Arnold writes:

On health care, the irrational public–the ones that want government to
keep its hands off their Medicare–is helping to fight the Progressives
who want to impose a health plan that is based on what I see as a
failed model–the Massachusetts plan. In Bryan’s ideal world, wouldn’t
our health care system be run by the wise technocrats of the Obama

In my ideal world, we’d recognize that economists’ textbook arguments against free-market health care are largely bogus (a vestigial reflection of anti-market bias) and respond by abolishing Medicare and Medicaid, medical licensing, and all the other health care regulations on the books.  But Arnold still suggests an interesting hypothetical: What would happen if the typical economist controlled health care policy?

Contrary to Arnold, I think it would be a vast improvement over the status quo.  I’ve talked to plenty of left-wing economists about this topic.  On balance, their views are much more reasonable than the median non-economist’s.  Yes, most economists probably favor universal coverage, and I don’t.  But few economists want a government monopsony.  And they’re on board for three major reforms that I support:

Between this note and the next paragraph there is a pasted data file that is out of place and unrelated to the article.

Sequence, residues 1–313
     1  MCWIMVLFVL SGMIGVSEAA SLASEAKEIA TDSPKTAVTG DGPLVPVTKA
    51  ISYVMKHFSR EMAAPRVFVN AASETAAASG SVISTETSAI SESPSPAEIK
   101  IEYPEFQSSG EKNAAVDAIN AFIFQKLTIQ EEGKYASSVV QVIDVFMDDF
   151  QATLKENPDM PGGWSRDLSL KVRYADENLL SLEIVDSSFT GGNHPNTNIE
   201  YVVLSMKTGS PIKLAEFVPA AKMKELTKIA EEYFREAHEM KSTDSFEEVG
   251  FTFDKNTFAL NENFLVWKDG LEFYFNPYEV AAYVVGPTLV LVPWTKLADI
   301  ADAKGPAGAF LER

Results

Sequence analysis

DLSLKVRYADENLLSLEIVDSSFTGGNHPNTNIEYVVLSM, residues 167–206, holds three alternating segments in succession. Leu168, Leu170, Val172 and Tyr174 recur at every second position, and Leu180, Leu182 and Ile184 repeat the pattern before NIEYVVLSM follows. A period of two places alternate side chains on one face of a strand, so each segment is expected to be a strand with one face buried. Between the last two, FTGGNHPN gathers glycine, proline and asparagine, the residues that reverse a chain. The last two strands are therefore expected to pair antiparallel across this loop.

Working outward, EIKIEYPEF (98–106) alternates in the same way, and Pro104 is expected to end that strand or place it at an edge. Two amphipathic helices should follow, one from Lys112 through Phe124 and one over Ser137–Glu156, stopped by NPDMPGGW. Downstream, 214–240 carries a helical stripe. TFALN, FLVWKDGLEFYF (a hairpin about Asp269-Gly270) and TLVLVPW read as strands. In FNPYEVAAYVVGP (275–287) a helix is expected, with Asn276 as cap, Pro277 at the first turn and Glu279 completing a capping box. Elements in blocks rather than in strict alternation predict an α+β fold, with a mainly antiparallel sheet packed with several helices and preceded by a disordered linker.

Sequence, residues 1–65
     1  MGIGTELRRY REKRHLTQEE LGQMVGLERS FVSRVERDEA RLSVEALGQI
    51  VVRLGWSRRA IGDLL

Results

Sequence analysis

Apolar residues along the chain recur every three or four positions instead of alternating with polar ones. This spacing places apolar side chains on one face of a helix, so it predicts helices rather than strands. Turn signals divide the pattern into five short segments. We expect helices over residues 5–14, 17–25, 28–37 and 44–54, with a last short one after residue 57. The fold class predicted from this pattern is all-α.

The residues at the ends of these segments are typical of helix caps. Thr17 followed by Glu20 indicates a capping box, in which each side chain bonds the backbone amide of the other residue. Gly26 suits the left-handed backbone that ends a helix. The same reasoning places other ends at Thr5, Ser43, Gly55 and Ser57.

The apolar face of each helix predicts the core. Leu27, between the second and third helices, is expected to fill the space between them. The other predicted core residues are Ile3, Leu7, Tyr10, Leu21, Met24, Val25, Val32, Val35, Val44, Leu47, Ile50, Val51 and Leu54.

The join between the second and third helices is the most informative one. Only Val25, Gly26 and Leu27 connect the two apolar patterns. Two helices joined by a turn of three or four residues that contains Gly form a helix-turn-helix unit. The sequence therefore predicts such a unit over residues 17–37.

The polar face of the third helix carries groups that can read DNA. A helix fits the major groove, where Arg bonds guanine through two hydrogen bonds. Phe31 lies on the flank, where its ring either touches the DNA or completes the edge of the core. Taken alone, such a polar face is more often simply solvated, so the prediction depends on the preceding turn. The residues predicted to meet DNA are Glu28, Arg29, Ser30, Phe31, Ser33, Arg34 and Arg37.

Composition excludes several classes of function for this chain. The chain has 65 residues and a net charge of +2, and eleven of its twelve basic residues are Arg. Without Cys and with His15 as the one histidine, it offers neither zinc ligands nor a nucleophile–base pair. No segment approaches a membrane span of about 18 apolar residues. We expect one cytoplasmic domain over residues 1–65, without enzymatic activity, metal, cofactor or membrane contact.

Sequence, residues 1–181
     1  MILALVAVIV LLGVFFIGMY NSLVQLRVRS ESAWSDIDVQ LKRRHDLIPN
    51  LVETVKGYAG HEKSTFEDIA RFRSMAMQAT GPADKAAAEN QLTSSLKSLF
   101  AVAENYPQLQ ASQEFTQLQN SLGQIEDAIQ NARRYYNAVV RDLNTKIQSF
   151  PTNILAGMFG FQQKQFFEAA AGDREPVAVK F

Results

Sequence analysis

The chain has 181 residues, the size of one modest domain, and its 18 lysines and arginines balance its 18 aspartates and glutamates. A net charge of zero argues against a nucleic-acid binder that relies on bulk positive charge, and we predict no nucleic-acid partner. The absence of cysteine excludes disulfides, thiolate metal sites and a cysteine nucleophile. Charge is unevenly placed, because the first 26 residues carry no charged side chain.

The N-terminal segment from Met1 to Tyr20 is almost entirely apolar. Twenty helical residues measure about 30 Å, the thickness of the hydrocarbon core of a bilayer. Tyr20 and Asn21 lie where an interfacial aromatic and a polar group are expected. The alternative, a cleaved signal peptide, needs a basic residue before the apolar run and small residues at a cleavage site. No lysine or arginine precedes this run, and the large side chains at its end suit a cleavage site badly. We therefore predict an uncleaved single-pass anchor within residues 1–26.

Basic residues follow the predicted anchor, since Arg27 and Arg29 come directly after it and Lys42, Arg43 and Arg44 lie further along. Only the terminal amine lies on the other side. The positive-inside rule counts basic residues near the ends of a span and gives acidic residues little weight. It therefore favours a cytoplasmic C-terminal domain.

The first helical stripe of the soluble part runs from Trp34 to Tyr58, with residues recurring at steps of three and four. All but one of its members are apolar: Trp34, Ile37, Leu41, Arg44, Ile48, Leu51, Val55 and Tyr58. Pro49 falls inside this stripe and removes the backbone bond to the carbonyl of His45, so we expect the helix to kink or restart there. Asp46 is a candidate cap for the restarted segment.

1. Denying care to people on Medicare and Medicaid when their treatment is expensive and the actuarially predicted benefit is small.

2. Substantially raising deductibles for people on Medicare and (maybe) Medicaid.

3. (Moderately) deregulating medical licensing to allow a greater role for doctor’s assistants, nurse practitioners, etc.

In fact, since the typical economist’s argument against means-testing Medicare is that it would undermine its popular support, I think that in this hypothetical scenario that I could convince the typical economist to accept a fourth wise reform:

4. Means-testing Medicare.

So answer me this, Arnold: Isn’t universal coverage bundled together with these four reforms an improvement over the status quo?  And isn’t the status quo (or worse) exactly what we’re likely to see as long as the median voter has his way?